A whole-genome scan was performed on complete genomic sequences from B. henselae and B. quintana and shotgun sequences from B. bacilliformis available in GenBank. Each subsequence of 16, 17, 18, and 19 nucleotides present in published Bartonella genomes was compared with subsequences from other genomes present in GenBank, including genomes for bacteria that could infect human blood and tissues and potential mammalian hosts and arthropod vectors for bartonellae. The number of base changes necessary to convert each Bartonella subsequence to the closest subsequence in the background collection was calculated to identify potential primers with a reduced probability of hybridizing to and amplifying nontarget DNA.
In total, one ultraspecific, host-blind primer pair (the nuoG primer pair) was identified that met the following conditions: the pair (i) maintained at least a 2-base specificity among the complete GenBank sequence database, (ii) amplified fragments of identical sizes in the B. henselae and B. quintana genomes, (iii) had predicted amplicon sizes of less than 400 bp, and (iv) had primer melting temperatures (Tms) within 2°C. Although they did not conform to all of these conditions, the ftsZ and gltA primer sets were included in further comparisons due to the large amount of sequence data available for these genes.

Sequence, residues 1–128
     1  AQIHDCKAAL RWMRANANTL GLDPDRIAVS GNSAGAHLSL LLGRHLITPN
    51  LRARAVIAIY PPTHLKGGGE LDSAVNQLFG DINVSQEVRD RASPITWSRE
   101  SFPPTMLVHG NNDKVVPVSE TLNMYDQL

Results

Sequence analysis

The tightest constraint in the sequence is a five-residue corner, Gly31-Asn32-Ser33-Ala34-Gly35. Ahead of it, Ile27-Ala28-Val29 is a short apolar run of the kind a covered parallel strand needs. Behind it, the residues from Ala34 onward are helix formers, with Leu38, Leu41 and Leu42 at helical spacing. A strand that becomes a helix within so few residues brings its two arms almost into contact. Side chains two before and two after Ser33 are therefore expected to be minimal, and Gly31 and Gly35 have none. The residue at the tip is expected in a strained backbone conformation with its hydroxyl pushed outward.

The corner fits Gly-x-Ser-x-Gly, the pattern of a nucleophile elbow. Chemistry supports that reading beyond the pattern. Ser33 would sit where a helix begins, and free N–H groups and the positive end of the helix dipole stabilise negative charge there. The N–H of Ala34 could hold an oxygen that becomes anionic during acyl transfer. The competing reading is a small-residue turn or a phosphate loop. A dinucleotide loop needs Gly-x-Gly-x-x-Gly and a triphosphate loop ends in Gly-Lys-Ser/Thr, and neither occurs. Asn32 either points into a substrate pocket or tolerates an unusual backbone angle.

Primer pairs were tested in reaction with three Bartonella species (B. henselae, B. quintana, and B. bacilliformis) and then with the use of ~30-fold excess competitor DNA from J774 (murine) and THP1 (human) tissue culture cells over the template DNA from B. henselae. Interestingly, despite their common use, the gltA primer set demonstrated high cross-reactivity both to potential Bartonella hosts (Rattus spp., Mus spp., and Homo sapiens) and to bacterial species, such as Ehrlichia spp., that could inhabit similar ecological niches (Table ).
Details of primers used in this studya